Are you in the market for a mentor? Maybe you’re feeling trapped or stuck in your career and need some nudges forward, or you’re looking for a change.
Mentors can be incredibly helpful for transition and growth, but how do you find a mentor? And when you find one, what do you do to help the relationship grow and thrive in a way that isn’t simply taking advantage of another person? Here are some quick questions to ask yourself before tapping into a mentor and things to do after you’ve identified the person you’re looking to chat with.
Coach or mentor?
This one is pretty simple – are you looking to get one thing (or a finite amount of things) done in a fairly quick amount of time, or do you want a long-term relationship with someone? Mentors offer their experience to someone with less experience; coaches will develop specific skills and goals in a finite time.
Another big difference? Mentors are generally not compensated. If you’re looking for someone to help you with a finite thing, and they do this for a living, you’re looking for a coach, and they will charge you, and you should pay for that service. This doesn’t make a coach better than a mentor; they are simply different.
Know what you’re looking for BEFORE you ask
As someone who has asked and been asked, please – know what you want before you reach out. Here’s a recent interaction:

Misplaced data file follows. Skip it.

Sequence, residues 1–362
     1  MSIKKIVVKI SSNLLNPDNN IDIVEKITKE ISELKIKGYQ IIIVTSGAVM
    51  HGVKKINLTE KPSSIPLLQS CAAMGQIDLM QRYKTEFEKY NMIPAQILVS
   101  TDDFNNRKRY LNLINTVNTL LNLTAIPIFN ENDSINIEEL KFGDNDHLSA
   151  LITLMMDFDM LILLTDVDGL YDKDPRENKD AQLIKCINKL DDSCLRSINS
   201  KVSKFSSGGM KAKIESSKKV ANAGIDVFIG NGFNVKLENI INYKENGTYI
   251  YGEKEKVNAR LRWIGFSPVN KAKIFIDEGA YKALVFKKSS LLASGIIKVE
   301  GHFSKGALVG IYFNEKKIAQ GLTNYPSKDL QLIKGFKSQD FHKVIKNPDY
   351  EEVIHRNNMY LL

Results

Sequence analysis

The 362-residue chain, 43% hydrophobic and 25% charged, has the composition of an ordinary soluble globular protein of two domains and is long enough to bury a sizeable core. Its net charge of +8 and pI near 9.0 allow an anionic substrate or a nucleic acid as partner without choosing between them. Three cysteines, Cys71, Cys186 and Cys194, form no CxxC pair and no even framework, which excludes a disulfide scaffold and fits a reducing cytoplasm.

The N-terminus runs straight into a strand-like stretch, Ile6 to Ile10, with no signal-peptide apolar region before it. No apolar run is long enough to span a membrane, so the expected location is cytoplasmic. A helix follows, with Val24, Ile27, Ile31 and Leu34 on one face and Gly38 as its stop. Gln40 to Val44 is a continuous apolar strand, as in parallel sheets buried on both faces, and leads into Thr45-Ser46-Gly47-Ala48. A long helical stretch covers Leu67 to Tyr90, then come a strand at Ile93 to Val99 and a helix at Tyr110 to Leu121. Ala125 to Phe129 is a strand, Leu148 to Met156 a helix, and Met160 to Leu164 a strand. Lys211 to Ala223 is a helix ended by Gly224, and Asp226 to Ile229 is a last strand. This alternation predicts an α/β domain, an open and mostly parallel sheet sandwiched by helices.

Person: Hi! I would like to be mentored by you.
Me: Oh ok! What are some of your goals?
Me: Totally good, are you looking for help in a certain area?
Person: …I just want to be mentored by you.
Me: I just want to know what you’re looking to focus on to see if we’re a good fit. (Unsaid: because I’m really busy and I want to help you. I want to be sure I can help!)
Person: Oh, well – for everything.
This is frustrating! It’s like telling someone that you want to pick their brain. You don’t need to know all the things – but have an idea!
Ask in an email to set up a call
Do not just call or text someone. Please. This is a professional transaction, keep it as such! Send an email to ask for a time to set up a call. Very simple, and often overlooked! This indicates that you also respect their schedule and want them to help pick a time that works for both of you!
Keep the meeting time finite
It is really easy to let meetings go very, very long. Keep it set and keep it respectful. If you set an end time, stick to it. Yes, you’re going to have one more thing every time – this person has more experience than you, and it’s why you asked them to mentor you in the first place!
Be respectful of the time and asks
Since you’re going to be amazingly respectful on time during meetings, you can schedule a follow-up meeting – but not the next day.
Give some breathing time between meetings and ask your new mentor what seems like a good frequency. I find often that once a month or every other month is usually good for most people – let your mentor decide this one, and if they don’t have an opinion, aim for once a month unless it seems like too much.
Send a thank you
After your meetings, send a thank you. You do not have to throw a parade, spend a million dollars on a gift or anything like that – you do need to thank them for their time. Even a simple email is effective – and better than nothing.